The JUnit Touch

In this post we will focus on using a unit testing framework called JUnit which helps to organise and execute our test code efficiently.

WHAT IS JUNIT?

JUnit is a Java-based, open-source framework to help you execute unit testing. JUnit is mostly used to test unit or components of your application like classes and methods. JUnit also helps to run automated tests be it API or UI.

This post will help you use JUnit annotations in your Selenium framework. We would be looking at examples of JUnit annotations are that are used for a specific purpose in Selenium.

WHAT ARE JUNIT ANNOTATIONS?

JUnit annotations are meta-tags that provide data about the test methods and test classes outlined in our code structure. In order for our Selenium framework to execute in the most efficient manner we should add JUnit annotations in our script.

Below is the list of every JUnit annotation in Selenium that will be covered in this blog

@BeforeClass

@Before

@Test

@After

@AfterClass

@Ignore

*Note* – For our framework we shall be using JUnit 4.

In order to get started with JUnit 4 we need to add the dependency to our pom.xml as in the example below.

@BEFORECLASS

The @BeforeClass annotation is used to initialise objects that that could be used in our tests. When we use an object in the BeforeClass method, it would be invoked only once. The main usage of @BeforeClass annotation is used to execute code before all the tests listed in the test cases are executed.

In our example we are going to remove our public static void main method for the script. We will wrap the code for setting the property of the Chrome Driver inside of our @BeforeClass annotation. I will also add that we must make the method for using the @BeforeClass annotation static in order to use it. I will also print to the terminal window a simple statement to show the order of the test execution. This is done via the system.out.println() method.

@BEFORE

The @Before annotation is used when we want to initialise an object or perform an action for the duration of the test method . In our framework we are going to duplicate our tests 3 times to demonstrate the usage of @Before. As a result of having 3 test methods the @Before method will be called a total of 3 times, once for each test method.

What we shall do is to move the line of code relating to creating the driver object and maximising the browser window in the @Before annotation as for each test run we would like to ensure the browser is at its maximum screen size.

@TEST

The @Test annotation informs JUnit that the method that is tagged against can be run as a test A single test class may comprise numerous test methods in it tagged with @Test.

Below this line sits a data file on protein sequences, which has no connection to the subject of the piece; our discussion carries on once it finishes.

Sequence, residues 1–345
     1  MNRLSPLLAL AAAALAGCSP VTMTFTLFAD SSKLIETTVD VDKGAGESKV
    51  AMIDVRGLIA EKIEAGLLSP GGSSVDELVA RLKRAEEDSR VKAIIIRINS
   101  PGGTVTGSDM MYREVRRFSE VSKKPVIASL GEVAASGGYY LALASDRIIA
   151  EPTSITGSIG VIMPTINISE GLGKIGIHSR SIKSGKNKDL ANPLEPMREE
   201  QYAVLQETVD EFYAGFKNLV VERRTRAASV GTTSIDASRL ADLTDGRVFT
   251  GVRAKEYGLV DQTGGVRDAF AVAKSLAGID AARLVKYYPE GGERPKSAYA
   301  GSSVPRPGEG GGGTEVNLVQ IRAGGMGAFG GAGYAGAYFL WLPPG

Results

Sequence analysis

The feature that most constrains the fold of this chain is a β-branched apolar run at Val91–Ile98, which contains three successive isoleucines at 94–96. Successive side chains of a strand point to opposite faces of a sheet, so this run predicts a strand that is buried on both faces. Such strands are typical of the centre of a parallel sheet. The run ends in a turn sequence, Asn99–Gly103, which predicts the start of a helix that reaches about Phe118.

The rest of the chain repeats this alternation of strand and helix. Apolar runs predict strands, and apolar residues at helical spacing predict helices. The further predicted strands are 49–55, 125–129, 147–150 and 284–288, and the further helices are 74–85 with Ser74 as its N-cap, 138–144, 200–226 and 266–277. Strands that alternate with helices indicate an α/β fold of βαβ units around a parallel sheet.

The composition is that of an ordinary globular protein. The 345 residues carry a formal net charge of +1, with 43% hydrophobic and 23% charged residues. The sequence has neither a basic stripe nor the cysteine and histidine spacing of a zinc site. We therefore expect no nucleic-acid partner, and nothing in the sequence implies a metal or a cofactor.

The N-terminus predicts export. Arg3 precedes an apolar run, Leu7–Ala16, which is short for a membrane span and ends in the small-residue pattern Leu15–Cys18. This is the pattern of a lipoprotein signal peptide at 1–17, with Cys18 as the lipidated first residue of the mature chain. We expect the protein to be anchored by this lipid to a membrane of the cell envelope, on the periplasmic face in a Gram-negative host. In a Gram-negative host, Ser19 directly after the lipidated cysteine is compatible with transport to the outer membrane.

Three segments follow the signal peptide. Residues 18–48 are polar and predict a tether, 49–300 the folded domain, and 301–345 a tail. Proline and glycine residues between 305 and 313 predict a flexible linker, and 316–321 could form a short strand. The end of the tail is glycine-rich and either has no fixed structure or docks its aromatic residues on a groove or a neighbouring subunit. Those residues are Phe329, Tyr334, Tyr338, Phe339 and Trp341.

In our example we are going to duplicate the test using the nomenclature _capital letter to ensure the tests run in order for the purpose of our demo.

*Note* JUnit has the ability to add test script execution ordering. We shall explore this in later posts.

@AFTERTEST

The @After annotation is used to tear down pervious actions that we would have used in previous test setups i.e. the @Before method .Tear down methods can be used to erase the state of a pervious test environment.

In our example we are going to close down the browser after each test run using the close() method.

@AFTERCLASS

Our @AfterClass annotation method, is executed once. It will be executed after all tests have completed. The @AfterClass tag is used to clean up operations that we would have started in our @BeforeClass method.

In our example we shall use the quit() method of Selenium to shut down all Chrome Driver system processes.

*Note* The @AfterClass annotation should use a public static method in order to be used.

@IGNORE

The @Ignore annotation tells JUnit that the associated method to not be executed. In cases where we do not want to execute our methods we can temporarily place that block of code with the @Ignore annotation to avoid test case execution.

In our example we shall duplicate a 4th test case and tag it with @Ignore.

Now we shall execute the tests . On the BasicTest class file right click and select Run BasicTest.

Note in the terminal window we shall see all of our methods run in the following order.

From the test run we can clearly see the following JUnit execution runs:

@BeforeClass ran once.

@AfterClass ran once.

@Test ran 3 times

@Ignore has ignored the 4th test.

We can also observe how clean and concise our test class now looks with the use of JUnit.

A Basic Test Script In Java

We pick up right where we left off which is now to incorporate our first basic Selenium test script. This script will be a very simple script that will open a webpage. As we get further on into developing our tests, we will adopt best practices such as using an execution framework (J-Unit) assertions libraries (HamCrest) with the addition of using the modelling technique (Page Object Modelling) this will incorporate typically good programming practices such as DRY and SOLID.